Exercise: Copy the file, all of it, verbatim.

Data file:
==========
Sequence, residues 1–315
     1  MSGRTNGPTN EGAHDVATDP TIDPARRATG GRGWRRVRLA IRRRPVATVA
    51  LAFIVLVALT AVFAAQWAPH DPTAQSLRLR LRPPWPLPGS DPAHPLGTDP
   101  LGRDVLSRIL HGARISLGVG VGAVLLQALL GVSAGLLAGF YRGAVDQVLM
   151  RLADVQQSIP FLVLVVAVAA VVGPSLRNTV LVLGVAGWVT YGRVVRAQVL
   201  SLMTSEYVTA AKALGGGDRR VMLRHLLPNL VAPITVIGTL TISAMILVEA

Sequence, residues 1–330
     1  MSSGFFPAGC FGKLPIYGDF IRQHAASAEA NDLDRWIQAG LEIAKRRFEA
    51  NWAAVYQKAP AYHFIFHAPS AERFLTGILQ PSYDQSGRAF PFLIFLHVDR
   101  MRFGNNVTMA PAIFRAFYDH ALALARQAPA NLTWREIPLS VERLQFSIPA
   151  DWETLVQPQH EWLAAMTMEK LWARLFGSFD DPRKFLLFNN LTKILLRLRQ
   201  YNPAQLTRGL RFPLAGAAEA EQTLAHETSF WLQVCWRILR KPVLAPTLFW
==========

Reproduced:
Sequence, residues 1–315
     1  MSGRTNGPTN EGAHDVATDP TIDPARRATG GRGWRRVRLA IRRRPVATVA
    51  LAFIVLVALT AVFAAQWAPH DPTAQSLRLR LRPPWPLPGS DPAHPLGTDP
   101  LGRDVLSRIL HGARISLGVG VGAVLLQALL GVSAGLLAGF YRGAVDQVLM
   151  RLADVQQSIP FLVLVVAVAA VVGPSLRNTV LVLGVAGWVT YGRVVRAQVL
   201  SLMTSEYVTA AKALGGGDRR VMLRHLLPNL VAPITVIGTL TISAMILVEA

Sequence, residues 1–330
     1  MSSGFFPAGC FGKLPIYGDF IRQHAASAEA NDLDRWIQAG LEIAKRRFEA
    51  NWAAVYQKAP AYHFIFHAPS AERFLTGILQ PSYDQSGRAF PFLIFLHVDR
   101  MRFGNNVTMA PAIFRAFYDH ALALARQAPA NLTWREIPLS VERLQFSIPA
   151  DWETLVQPQH EWLAAMTMEK LWARLFGSFD DPRKFLLFNN LTKILLRLRQ
   201  YNPAQLTRGL RFPLAGAAEA EQTLAHETSF WLQVCWRILR KPVLAPTLFW